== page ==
The psychologist Albert Bandura conducted laboratory studies that demonstrated that someone fearful of snakes can, through gradual and repeated exposure, become fine with snakes, handling them with no problem… without any hypnosis, completely conscious.
One important nuance of the study is that the phobic patients began by watching movies of other people who are unfearful when handling snakes, and then, the intentional and progressive exposure to the behavior became possible.
So that may be true for you as well:
When you think of a task you hate, such as taxes, could you imagine — see a movie in your mind — of a zen master like Thich Nhat Hanh or Pema Chodron approaching their taxes with a mindful breath, even a joyful ease?
Or think of me as this is something I have actually practiced: Opening my spreadsheet for doing taxes, intentionally breathing and putting a gentle smile on my face, and intentionally being grateful for each line item, thinking about the importance or necessity of each item, even marveling at it.
Here are the steps, revised for overcoming negative emotional associations of any task:
Step 1: Imagine in your mind (or write down if it’s easier) a scene in which you are doing the task without any negative emotions, but instead, doing it in a way that you would enjoy, e.g. with a mindful breath, gentle smile, a sincere appreciation of the opportunity to do that task, with a marveling at the details, or in a joyful service to your growth and/or to the greater whole.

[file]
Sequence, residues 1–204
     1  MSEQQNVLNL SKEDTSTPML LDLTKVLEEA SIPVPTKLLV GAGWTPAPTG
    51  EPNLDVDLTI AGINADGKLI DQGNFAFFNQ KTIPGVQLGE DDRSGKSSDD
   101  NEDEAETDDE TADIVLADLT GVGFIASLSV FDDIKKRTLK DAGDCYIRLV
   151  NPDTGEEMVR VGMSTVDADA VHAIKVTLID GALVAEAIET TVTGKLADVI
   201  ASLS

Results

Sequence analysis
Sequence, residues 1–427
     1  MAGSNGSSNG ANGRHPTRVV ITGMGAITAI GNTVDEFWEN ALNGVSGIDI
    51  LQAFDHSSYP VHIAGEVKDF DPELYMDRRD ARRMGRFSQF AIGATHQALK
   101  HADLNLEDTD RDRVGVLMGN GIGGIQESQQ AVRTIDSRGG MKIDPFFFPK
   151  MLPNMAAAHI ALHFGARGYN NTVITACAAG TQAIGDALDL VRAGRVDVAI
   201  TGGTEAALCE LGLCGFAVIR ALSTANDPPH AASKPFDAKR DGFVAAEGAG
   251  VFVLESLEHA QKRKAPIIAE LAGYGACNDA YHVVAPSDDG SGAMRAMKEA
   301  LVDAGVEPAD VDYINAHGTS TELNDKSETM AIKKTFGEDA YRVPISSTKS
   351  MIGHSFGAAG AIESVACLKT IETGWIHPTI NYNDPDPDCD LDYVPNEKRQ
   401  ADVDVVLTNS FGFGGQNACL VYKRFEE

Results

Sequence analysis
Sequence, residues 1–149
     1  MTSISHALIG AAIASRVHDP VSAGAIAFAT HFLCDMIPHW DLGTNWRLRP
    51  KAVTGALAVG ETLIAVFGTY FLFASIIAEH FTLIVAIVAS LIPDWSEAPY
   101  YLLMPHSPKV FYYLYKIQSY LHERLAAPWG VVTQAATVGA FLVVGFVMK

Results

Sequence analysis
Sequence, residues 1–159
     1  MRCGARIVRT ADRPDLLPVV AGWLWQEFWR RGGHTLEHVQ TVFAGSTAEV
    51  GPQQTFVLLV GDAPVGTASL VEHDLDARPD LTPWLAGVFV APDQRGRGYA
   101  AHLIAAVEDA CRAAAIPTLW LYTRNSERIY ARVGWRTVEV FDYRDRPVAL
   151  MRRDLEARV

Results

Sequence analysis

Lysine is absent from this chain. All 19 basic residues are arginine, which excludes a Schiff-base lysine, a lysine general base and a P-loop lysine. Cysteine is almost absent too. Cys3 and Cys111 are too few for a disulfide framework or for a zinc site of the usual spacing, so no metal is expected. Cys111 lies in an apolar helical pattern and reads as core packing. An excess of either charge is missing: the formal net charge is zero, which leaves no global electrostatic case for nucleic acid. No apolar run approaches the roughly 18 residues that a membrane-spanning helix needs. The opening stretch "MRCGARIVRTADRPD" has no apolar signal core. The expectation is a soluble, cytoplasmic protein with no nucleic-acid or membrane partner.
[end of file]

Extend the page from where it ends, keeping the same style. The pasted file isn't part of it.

Step 2: Intentionally practice that behavior and mindset now.
Step 3: Repeat the practice 3–10x.
In this way, you can change your relationship to any task that you wish you could do more consistently, but have been held back emotionally/mentally.
- Perhaps you’ve wanted to make regular videos like I do, but you’re steeped in self-criticism and perfectionism. Practice starting the recording, replacing those emotions with something you would enjoy, perhaps a feeling of connection to your ideal audience, perhaps a sense of adventure in the journey of your growth?
- Perhaps you’ve been meaning to contact some potential clients but you’re anxious and fearful about rejection, even though you know if you do contact them, some of them are likely to hire, or refer you. Practice starting the contacting process and replace any negative emotion with something you’d enjoy… perhaps imagining how grateful they (or someone they know) would be to hear that your service exists?
- Perhaps you avoid looking at your finances, even though you know you should be more responsible. Imagine what it would be like to open your bank or credit card statement with a mindful breath, and gently looking at each line item, and reflecting for a moment on the benefits that the expenditure brings to your life. Now don’t just imagine the scene, go and practice it for 3–5x, and you will have begun to repair your relationship to your finances.
You can truly change your relationship to any task that you wish you could do more consistently… and do it with joy.
This can be a replacement of the idea of “discipline” too.
Instead of powering or hustling through a project with unpleasant feelings, why not use intentional practice to change your feelings about that task? As you’ve seen from the examples above, even 3 minutes starts to make a difference.
You are a bundle of habits, of muscle memory both physical and emotional. Whatever you think you “are”, can be radically different, if you are willing to practice a new way. Even 3 miniutes can set you on a new path!
Everything you think is “natural” is an addiction, an instinct or habit that can be changed. #Neuroplasticity is starting to astound scientists about human adaptability.
Just know that you are truly, completely flexible and can become anything you passionately set your mind to.
by the author.